Jun 5, 2009 (CIDRAP News) President Barack Obama this week asked Congress for another $2 billion in supplemental funds to fight the novel H1N1 influenza epidemic, on top of $2 billion requested a month ago, and also proposed to tap federal economic stimulus funds for up to another $3.1 billion for the same purpose.
Meanwhile, public health advocates said even more may be needed if a nationwide H1N1 vaccination campaign is launched in the fall.
House and Senate conferees are working to reconcile supplemental appropriations bills that provide $2.05 billion in the House version and $1.5 billion in the Senate version for the H1N1 flu fight. The administration, in a Jun 2 letter, asked Congress to pass the House version and add another $2 billion to it.
In addition, Obama proposed to use up to 1% of unspent stimulus funds to battle the flu if needed. The Wall Street Journal reported yesterday that that would amount to about $3.1 billion out of the $311 billion in discretionary stimulus funds.
In a letter to House Speaker Nancy Pelosi, Obama said he was asking for the money "out of an abundance of caution" and appealed for "maximum flexibility" in how the funds are used.
Public health advocates welcomed the administration's new request, but Dr. Paul Jarris, executive director of the Association of State and Territorial Health Officials (ASTHO), estimated that a nationwide H1N1 vaccination campaign could cost as much as $15 billion.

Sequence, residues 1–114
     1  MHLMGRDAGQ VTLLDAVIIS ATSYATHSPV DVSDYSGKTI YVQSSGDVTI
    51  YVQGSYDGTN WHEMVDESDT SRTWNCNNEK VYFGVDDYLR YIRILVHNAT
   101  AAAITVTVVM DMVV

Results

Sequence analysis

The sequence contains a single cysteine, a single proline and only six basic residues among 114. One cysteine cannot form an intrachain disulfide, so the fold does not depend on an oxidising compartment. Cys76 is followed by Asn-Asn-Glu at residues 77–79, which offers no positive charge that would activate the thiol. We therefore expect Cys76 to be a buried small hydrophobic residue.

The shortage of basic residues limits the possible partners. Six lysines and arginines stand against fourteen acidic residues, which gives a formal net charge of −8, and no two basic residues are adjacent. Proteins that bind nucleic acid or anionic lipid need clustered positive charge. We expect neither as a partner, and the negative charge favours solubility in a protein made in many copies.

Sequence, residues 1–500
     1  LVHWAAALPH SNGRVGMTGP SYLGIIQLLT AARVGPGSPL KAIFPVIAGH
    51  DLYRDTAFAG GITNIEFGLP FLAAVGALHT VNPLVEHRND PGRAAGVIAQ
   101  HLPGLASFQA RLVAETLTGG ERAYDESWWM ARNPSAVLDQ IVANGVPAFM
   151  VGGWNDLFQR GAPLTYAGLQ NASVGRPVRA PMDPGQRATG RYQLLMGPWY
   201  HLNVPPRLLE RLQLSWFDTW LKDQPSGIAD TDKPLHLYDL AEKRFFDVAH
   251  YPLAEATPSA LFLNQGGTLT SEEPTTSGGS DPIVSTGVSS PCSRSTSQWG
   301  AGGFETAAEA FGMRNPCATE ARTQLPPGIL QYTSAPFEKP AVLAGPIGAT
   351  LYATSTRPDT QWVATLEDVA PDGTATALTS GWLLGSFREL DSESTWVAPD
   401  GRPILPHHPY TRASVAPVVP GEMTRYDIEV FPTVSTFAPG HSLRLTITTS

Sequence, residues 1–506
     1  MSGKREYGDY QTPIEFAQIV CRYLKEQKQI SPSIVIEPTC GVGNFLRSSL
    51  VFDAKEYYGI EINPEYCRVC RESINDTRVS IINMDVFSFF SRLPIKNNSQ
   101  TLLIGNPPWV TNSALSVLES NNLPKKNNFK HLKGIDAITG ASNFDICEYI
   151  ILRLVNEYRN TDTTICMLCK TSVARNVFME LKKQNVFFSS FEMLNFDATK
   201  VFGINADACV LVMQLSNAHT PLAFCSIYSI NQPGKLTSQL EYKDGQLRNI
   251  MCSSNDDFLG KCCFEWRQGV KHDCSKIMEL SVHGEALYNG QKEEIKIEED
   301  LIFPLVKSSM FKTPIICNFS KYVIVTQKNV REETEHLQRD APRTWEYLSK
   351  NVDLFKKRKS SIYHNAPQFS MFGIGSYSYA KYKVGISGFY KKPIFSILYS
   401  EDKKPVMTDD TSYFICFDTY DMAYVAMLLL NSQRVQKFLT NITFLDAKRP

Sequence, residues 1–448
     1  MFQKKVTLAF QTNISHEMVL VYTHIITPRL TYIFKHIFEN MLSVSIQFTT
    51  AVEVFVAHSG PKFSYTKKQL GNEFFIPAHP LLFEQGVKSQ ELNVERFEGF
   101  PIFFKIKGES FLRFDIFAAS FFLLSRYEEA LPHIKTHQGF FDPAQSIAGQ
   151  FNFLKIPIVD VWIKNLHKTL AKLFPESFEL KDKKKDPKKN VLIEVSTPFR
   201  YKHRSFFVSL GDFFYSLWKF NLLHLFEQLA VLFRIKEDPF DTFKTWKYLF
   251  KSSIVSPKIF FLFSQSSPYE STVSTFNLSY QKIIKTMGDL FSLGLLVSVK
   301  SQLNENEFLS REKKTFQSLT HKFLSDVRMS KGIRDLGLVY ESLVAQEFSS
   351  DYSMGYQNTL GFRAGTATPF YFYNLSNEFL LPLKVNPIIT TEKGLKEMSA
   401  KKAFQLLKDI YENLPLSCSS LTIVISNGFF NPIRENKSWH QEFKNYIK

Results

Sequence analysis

In an interview this week, Jarris said that 600 million doses of an H1N1 vaccinetwo doses per Americancould cost about $6 billion ($10 per dose). Administering the vaccine might cost another $15 per dose, or roughly $9 billion, he said.
"We need to make sure we have the people and resources to give the vaccine to people, which is on the order of $15 per dose," he said.
Meanwhile, the Democratic leader in the House said Obama might not get the extra $2 billion he asked for, and Republicans criticized the proposal to take money from the stimulus fund, according to news reports.
House Majority Leader Steny Hoyer, D-Md., was skeptical that Congress would add any more funds to the amounts approved by the two houses already, according to a Jun 3 Reuters report. He said more funds could be appropriated later if needed.
Republican critics derided the proposal to funnel stimulus money into the flu response as an effort to turn the stimulus package into an all-purpose "slush fund," according to the WSJ report.
Diverting Bioshield funds?
Besides seeking to use some of the stimulus money, the administration is proposing to take money from the Bioshield program and harness it for the H1N1 battle, a plan that drew fire from public health advocates at a press conference yesterday.
The administration proposes to "amend the purpose of Project Bioshield's authority to include pandemic influenza," according to a copy of the proposal, which was provided by the nonprofit group Trust for America's Health (TFAH).
The Bioshield program, enacted in 2004, provides funds to support private-sector-development of medical defenses against biological, chemical, and other unconventional weapons.
At a press briefing yesterday on the H1N1 situation, TFAH Executive Director Jeff Levi, PhD, criticized the proposal to use Bioshield money.